Here’s a quick way to stop them from skimming and add value:

Hi {!FirstName},

My name is {!Your Name} and I {!connection to recipient}.

The last few calls I’ve had with companies like yours who {!specific stats about the recipient’s company} have led me to research {!topic that could be a pain point for them}.

I thought you would appreciate these articles. I thought they did a great job at addressing {!pain point}:

{!Link to content 1} – {!description of content 1}

{!Link to content 2} – {!description of content 2}

{!Link to content 3} – {!description of content 3}

If these resonated with you, let’s grab 15 minutes to see if {!Your Company} can help by {!proposed solution for solving pain point}.

Is there a day or time that generally works best for you?

Looking forward to talking,

[Your Name] [Email Signature Block]

2. Referral Introduction Email

If you’re giving someone the introduction email they deserve, it’s important to get straight to the details.

You’re asking for valuable time from your recipient.

Here’s a referral introduction email format to copy/paste:

Hi {!First Name},

I hope this note finds you well and {!personal note}.

My name is {!Your name} and I’m {!Job title} at {!Company}. I’m reaching out because {!Mutual connection} (CC’d here) mentioned that {!reason for refferal}.

I understand from {!Mutual connection} that {!reason for connect}. I believe I can help by {!solution}.

I’d love to schedule some talk to talk, {!call to action}.

Thank you for your time and I look forward to hearing back.


[Your Name] [Email Signature Block]

3. Professional Meeting Recap Email

You just had an important meeting and want to make sure everyone is on the same page.

What better way to do this than to compile your next steps into an email sent after the meeting?

Try this meeting recap template:

Hey {!Company name} team,

Great meeting with you today — thank you for your time and for {!coming by the office/sharing in a discussion}.

I’m looking forward to talking again on {!agreed upon date}. I’ll send you a calendar invite for that shortly.

Lastly, can you confirm that I recapped our discussion accurately?

Your Current {!Initiatives / Priorities / Goals}:

{!Priority 1}

{!Priority 2}

{!Priority 3}

Agreed Upon Next Steps:

{!First Action + date} — {!Owner 1}

{!Second Action + date} — {!Owner 2}


[Your Name] [Email Signature Block]

Tip: Grab more formatted email templates below.

18 Proven Email TemplatesWinning email templates for cold outreach, follow-ups, and nurturing relationships – backed by data and real-world examples.

4. Networking Follow-Up Email

After you meet someone in person, it’s important to send a follow-up email to reinforce the connection.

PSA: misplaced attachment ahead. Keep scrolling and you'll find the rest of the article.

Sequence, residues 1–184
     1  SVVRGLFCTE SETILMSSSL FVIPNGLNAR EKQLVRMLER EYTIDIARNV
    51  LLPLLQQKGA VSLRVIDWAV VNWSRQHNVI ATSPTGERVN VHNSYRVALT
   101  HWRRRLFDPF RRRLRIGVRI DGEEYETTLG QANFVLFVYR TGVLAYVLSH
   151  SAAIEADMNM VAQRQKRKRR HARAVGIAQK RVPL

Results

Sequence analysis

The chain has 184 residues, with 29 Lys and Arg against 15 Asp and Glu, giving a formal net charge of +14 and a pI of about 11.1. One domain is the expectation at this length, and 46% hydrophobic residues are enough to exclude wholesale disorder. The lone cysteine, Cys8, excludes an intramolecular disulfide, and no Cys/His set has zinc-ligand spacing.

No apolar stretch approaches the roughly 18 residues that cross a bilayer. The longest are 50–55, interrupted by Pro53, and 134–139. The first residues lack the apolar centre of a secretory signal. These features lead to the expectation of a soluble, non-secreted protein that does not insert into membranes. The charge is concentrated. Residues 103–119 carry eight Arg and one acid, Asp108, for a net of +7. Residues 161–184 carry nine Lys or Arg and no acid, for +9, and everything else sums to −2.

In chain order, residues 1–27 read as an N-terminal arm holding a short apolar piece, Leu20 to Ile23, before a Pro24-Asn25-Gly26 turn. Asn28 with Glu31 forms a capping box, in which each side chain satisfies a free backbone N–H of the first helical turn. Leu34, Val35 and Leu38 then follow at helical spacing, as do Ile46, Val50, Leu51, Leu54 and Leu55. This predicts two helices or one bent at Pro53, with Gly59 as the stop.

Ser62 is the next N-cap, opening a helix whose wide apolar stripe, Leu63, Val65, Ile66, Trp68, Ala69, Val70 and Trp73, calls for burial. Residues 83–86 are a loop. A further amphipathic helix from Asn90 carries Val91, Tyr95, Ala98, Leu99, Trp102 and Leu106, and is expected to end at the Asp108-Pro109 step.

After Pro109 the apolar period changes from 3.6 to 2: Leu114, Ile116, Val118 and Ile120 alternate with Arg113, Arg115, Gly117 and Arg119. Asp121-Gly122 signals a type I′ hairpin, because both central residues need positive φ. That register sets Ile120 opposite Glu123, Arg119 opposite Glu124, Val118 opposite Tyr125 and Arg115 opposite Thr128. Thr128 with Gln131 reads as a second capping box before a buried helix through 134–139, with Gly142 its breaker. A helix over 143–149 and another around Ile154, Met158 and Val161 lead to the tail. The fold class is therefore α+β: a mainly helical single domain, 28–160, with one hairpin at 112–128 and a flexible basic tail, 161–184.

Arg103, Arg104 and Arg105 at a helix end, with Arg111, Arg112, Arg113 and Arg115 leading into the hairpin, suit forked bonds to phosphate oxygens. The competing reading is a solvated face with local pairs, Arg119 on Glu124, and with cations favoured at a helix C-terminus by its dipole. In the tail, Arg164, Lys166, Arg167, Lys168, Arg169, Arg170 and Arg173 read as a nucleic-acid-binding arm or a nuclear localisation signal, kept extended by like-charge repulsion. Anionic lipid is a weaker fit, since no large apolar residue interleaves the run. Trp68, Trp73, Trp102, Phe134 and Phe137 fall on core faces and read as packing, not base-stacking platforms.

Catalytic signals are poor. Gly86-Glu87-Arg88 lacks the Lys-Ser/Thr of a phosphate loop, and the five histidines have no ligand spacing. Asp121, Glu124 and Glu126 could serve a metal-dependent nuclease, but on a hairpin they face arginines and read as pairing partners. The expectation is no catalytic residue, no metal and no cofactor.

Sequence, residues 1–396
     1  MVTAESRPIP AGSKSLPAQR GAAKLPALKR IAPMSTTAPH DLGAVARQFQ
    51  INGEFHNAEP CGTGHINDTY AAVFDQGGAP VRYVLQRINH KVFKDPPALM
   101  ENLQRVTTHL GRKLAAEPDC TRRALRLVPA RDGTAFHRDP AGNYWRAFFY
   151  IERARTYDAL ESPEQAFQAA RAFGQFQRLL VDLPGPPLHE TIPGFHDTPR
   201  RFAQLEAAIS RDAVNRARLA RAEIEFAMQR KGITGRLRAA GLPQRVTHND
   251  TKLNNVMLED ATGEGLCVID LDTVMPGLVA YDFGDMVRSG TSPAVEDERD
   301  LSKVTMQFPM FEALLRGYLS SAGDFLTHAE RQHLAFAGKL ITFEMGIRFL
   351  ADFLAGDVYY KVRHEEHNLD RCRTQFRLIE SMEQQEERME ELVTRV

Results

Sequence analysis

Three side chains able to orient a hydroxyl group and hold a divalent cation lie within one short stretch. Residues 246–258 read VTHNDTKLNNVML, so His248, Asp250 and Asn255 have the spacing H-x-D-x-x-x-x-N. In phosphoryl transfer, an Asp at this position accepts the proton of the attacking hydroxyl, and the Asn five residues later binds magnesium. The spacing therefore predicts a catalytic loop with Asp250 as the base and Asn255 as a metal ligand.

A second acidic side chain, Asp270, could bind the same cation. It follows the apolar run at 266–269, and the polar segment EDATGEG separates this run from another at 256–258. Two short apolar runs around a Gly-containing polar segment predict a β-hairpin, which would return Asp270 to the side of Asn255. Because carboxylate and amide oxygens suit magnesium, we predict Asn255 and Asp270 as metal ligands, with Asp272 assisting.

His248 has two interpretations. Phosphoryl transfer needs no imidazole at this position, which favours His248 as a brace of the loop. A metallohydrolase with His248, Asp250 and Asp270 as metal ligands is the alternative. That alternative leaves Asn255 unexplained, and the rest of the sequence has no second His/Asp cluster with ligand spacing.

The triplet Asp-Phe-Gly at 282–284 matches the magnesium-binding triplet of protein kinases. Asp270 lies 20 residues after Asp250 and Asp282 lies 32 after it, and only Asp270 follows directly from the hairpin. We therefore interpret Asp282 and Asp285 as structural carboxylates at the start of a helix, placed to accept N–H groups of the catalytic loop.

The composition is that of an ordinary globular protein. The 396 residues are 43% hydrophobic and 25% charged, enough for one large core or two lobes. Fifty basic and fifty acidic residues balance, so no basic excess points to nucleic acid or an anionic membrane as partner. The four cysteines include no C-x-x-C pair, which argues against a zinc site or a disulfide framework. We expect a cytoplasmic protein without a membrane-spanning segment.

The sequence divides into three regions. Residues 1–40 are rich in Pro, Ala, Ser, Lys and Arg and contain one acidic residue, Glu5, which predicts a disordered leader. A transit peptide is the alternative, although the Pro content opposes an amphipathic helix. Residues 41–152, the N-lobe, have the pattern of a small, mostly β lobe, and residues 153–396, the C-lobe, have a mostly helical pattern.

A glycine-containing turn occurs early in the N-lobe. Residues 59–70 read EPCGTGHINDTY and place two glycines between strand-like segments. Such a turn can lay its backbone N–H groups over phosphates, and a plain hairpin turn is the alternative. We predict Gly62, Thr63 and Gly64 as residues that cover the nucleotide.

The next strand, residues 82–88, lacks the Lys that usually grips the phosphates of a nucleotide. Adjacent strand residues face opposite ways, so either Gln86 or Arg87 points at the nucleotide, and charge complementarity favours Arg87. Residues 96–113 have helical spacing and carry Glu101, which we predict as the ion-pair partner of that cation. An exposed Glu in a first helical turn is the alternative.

Why? Making the effort to reach out to someone, they feel more obliged to reciprocate.

Here’s a formatted template that does just that: 

Hi {!FirstName},

This is {!Your Name} from {!Company}. It was great meeting you at {!Event where you met}. I loved learning more about {!something discussed}.

I’m really interested in hearing more about your role as {!Job title} at {!Company}, as {!reason why you’re interested}. If you have time in the coming weeks, let’s {!follow-up action}.

I’m generally free on {!Days of the week}, does one of those work for you?

Looking forward to keeping in touch!

[Your Name] [Email Signature Block]

5. Job Application Email Introduction

When sending job application email introductions, proper email format is essential.

Here’s an email template for a job application that’s properly formatted:

Dear {!First name},

My name is {!Your Name} and I {!brief introduction}. I saw your job posting on {!Website} and am very interested in the position.

I believe I’m a strong candidate for this position because {!your experience}.

Please find my attached {!cover letter/resume} below. If I can provide you with any further materials, please don’t hesitate to reach out. You can email me at {!email address} or call me at {!phone number}.

Thank you so much for your time and consideration.


[Your Name] [Email Signature Block]

Grab 20 more professional email templates here –> Business Email Examples


Although every email you write is different, it’s important to follow proper email formatting techniques to ensure your making a good impression.

One of the best ways to consistently write emails with proper email format is to save them as templates and re-use them.

Always adjust and personalize each template accordingly.